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  • Erica Pikor

The Storm

As I sat down to think about what I wanted to write today I wasn’t sure. It’s been a really tough few weeks. Our son Max has Autism. He is 8 years old, and as a family we have all come so far from those early days when he was newly diagnosed, Maxim most of all. These past few weeks though have reminded me of the early days.


When Max was younger, he was struggling. I know you may be thinking, “All toddlers struggle. They don’t call it the Terrible Twos or the Horrible Threes for nothing.” But for Max it was different. He was really struggling. He spent more time melting down than I think he even slept. When he was home, he was unhappy, and I was scrambling to try and help. He didn’t have many words and wasn’t able to express himself in very many ways.


I can’t imagine what that feels like, to have words and thoughts stuck inside, trapped like wind in a tunnel. Thoughts and feelings that start as a gentle breeze, but with nowhere to go, remain confined until a storm, loud and thundering, powerfully dizzying, rages and drowns out any efforts to bring peace and calm.


Back in the early days Max would rage so hard that I would go to gently put a hand on his chest, and before it landed I swear I could feel his heart pounding. As he turned bright red from the effort of screaming on the floor I’d pray.


“Help me to help him. Show me what he needs. Let my calm flow through his body with this touch.”


I could feel his pain so powerful and strong, but didn’t know how to stop it. The wind and the storm would rage until he was too tired to scream. Then regret set in. Quiet tears that shook his body as he snuggled in for hugs.


We worked so hard to hear and listen to Max as he tried to show us the way with very few words. Parenting classes with behaviorists, collecting information on what could be causing frustration, visuals, schedules, timers, countdowns, consistency, nutrition - we were trying. So was he.


Eventually the wind died down and the storms subsided. We found more and better ways to support Max. We trained our hearts and ears so we could hear what he needed without a word being spoken. We started to listen to the music of his actions and dance to the sound of no words. And then, eventually, slowly, ever so slowly, more words came.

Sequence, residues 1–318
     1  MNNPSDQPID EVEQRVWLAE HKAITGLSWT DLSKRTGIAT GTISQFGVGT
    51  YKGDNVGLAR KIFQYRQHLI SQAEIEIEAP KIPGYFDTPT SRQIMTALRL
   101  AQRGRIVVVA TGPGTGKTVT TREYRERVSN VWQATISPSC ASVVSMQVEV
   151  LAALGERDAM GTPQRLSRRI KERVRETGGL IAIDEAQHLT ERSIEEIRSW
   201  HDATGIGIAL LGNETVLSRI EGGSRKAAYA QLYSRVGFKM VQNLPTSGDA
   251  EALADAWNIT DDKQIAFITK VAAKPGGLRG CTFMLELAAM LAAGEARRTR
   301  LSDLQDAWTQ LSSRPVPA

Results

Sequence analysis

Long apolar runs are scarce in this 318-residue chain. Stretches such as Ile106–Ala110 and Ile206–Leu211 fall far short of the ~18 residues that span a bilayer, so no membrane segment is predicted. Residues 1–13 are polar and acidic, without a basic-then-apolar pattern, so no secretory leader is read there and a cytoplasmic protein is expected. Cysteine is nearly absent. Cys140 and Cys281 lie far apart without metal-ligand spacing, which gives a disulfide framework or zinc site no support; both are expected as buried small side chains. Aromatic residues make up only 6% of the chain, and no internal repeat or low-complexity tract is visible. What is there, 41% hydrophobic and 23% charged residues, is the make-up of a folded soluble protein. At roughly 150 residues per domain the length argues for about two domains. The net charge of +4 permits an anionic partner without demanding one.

Our hearts rejoice, even still, with each one he utters, but contrary to what I had imagined, the squalls did not quiet with their presence. Even now with hundreds of words, without the ability to use them with ease, the wind continues to blow and the storm silently simmers.


Over the past few weeks we have been watching Maxim’s calm slip away and it has been harder to hear the music of his actions. There have been tears and biting, kicking and aggression. The storm grows bigger and we can’t seem to calm it.


“Why can’t I figure out what he needs? Why aren’t the visuals and the timers and the positive reinforcements working? Is he getting sick? Is he being treated kindly when he’s not here? What is causing this now? Is it me?”


My own wind begins to howl, “This is Hard. This is frustrating, and aggravating, and So. Darn. Hard!”


But then I hear his little voice, “Why does. Your heart. Hurt? Let me kiss it.” He smiles, “I want. Make. Your heart happy.” And then I cry.


You see, even in the hardest moments all Max does is fill my heart to overflowing. I am unworthy of this boy so pure that nothing is hidden, not his anger or his love. And so we keep trying. We will keep working to listen with our hearts and give this boy everything he needs to quiet the storm. We will make sure at all times to keep our own storms at bay. As his wind whips and gains momentum, my love will thunder louder. Together we will find a way to stand strong until the gale becomes a breeze that quietly reminds, “No matter how strong the storm, you are unconditionally loved.”








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